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The V49 cycle route has been baptized “the Indre by bike” because it essentially follows the course of the Indre river, even if the route extends beyond its source, into the Creuse.

It therefore deserves a little focus on this river ...

A little geography ...

The Indre crosses two departments, Indre (36) then Indre-et-Loire (37), but it has its source in a third, the Cher (18)! Precisely in Saint-Priest-La-Marche, at an altitude of 454 m.

280 km long, the Indre flows into the Loire at Avoine (near Chinon)

A private river

A particularity of the Indre is that it is private: its banks belong to the owners of the plots that border it, as does half of the bed. Only water belongs to the public domain. As a result, it is only possible to fish in a few duly authorized areas, and it is not possible to land anywhere when you are canoeing ...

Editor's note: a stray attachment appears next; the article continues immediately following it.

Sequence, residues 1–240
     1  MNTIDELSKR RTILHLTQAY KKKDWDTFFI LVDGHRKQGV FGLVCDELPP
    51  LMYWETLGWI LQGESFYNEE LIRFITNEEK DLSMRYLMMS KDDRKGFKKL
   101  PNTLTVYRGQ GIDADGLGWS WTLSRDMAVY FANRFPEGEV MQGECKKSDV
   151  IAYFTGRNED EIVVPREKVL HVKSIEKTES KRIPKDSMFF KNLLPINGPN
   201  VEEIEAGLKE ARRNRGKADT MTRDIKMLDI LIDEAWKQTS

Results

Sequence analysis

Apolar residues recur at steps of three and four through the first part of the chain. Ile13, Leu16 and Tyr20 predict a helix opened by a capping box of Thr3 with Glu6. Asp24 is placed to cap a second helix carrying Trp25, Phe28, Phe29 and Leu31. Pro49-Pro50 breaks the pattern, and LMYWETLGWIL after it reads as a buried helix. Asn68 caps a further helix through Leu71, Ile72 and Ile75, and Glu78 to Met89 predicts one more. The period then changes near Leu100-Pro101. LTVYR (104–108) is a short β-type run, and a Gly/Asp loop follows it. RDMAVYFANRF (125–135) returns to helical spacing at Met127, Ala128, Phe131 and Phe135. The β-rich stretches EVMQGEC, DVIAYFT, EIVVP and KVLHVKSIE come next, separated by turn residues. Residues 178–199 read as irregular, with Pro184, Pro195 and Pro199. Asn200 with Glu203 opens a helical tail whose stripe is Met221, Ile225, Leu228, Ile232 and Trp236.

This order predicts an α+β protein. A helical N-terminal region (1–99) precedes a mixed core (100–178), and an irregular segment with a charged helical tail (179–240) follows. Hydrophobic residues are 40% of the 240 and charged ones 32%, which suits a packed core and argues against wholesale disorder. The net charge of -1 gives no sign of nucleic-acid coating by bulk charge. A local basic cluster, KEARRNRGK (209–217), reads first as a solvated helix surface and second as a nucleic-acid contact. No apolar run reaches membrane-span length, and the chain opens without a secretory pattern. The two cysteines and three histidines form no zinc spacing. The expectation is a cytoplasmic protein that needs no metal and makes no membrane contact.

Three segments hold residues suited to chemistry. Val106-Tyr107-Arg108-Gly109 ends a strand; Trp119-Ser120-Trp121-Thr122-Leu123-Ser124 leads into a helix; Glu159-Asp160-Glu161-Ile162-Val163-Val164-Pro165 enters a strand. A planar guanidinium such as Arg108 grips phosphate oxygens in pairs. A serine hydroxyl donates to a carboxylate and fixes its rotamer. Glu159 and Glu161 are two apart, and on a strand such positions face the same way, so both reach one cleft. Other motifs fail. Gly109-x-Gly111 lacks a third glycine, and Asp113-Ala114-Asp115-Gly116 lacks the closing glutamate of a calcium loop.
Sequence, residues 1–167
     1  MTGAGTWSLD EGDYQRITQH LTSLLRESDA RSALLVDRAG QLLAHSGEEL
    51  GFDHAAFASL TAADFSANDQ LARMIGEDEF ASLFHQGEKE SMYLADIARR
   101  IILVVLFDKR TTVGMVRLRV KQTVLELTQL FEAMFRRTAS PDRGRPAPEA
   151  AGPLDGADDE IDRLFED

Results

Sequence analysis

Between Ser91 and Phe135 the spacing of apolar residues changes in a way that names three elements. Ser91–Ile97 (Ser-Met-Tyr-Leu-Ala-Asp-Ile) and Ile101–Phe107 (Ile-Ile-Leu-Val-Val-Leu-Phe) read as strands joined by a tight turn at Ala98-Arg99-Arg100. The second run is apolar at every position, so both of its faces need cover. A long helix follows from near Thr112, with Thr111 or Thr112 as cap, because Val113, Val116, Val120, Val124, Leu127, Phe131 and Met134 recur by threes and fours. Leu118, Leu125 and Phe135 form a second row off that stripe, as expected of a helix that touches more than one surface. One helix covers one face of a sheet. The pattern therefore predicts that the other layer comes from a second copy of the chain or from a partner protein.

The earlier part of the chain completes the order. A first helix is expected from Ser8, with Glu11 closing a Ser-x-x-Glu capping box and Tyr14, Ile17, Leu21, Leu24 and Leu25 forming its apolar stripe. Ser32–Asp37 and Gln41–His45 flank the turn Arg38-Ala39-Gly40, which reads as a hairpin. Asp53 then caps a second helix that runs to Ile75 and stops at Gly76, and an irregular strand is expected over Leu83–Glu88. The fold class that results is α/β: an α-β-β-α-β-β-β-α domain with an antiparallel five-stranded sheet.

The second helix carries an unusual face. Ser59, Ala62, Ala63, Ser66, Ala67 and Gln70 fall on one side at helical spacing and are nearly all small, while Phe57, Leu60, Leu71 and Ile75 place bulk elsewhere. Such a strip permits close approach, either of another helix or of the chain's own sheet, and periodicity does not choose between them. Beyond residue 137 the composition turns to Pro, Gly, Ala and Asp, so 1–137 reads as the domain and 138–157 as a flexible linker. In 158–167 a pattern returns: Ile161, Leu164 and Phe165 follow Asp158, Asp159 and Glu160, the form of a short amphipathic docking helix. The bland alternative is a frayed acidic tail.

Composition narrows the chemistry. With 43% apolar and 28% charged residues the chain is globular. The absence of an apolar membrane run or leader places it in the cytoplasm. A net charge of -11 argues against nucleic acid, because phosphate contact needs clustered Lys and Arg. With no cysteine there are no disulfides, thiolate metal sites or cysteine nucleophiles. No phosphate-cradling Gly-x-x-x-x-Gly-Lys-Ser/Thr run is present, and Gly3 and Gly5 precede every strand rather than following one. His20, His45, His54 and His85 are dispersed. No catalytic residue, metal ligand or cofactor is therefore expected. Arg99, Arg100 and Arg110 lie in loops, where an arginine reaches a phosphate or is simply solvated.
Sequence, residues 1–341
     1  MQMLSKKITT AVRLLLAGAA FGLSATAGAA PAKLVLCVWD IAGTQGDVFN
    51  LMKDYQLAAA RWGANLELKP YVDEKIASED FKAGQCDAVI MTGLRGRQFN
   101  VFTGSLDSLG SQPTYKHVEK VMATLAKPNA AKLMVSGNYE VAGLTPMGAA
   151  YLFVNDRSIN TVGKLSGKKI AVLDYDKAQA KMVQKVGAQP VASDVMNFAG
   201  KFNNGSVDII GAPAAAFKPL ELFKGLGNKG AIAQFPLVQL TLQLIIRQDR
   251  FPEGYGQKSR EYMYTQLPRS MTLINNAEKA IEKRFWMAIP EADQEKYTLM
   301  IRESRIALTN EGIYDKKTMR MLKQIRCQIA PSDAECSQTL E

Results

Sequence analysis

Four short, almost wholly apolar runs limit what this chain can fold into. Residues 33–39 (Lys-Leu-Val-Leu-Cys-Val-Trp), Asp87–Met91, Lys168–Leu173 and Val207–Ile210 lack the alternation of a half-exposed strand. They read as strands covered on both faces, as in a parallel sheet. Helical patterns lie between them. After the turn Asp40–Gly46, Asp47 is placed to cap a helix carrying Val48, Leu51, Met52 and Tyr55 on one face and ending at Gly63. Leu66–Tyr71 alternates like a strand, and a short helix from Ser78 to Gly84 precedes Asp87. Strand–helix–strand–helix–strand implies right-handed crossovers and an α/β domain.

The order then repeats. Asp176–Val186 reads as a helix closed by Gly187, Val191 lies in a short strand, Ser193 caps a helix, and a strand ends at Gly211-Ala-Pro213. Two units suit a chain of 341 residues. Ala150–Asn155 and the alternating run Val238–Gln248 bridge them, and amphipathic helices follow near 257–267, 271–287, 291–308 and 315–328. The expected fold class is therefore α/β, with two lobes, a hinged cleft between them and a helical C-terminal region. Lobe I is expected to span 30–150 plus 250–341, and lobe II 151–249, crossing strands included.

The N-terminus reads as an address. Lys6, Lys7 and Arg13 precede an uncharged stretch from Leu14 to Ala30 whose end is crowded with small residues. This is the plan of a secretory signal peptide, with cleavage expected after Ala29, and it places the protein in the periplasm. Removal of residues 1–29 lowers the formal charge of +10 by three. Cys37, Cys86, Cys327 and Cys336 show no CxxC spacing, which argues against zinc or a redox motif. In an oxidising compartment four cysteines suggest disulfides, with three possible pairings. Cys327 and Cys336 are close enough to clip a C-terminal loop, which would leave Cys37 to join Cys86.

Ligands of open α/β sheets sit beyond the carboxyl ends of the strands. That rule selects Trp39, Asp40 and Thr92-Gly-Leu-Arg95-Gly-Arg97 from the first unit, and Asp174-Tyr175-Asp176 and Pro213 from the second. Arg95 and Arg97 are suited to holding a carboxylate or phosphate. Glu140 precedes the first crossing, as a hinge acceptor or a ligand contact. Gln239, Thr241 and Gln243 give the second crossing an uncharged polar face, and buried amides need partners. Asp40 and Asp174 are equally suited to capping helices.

A river dotted with mills

More details on this aspect of the river soon ...

A source of inspiration for writers

The Indre river has inspired many authors, the best known being undoubtedly George Sand and Honoré de Balzac. The latter was particularly verbose on the river, in particular in his novel Le Lys dans la Vallée.

“Imagine three windmills… set among gracefully cut islands, crowned with a few clumps of trees in the middle of a water meadow.
There a valley is discovered which begins at Montbazon, ends at the Loire, and seems to leap under the castles placed on these double hills, a magnificent emerald cup at the bottom of which the Indre rolls with the movements of serpents ”
Honoré de Balzac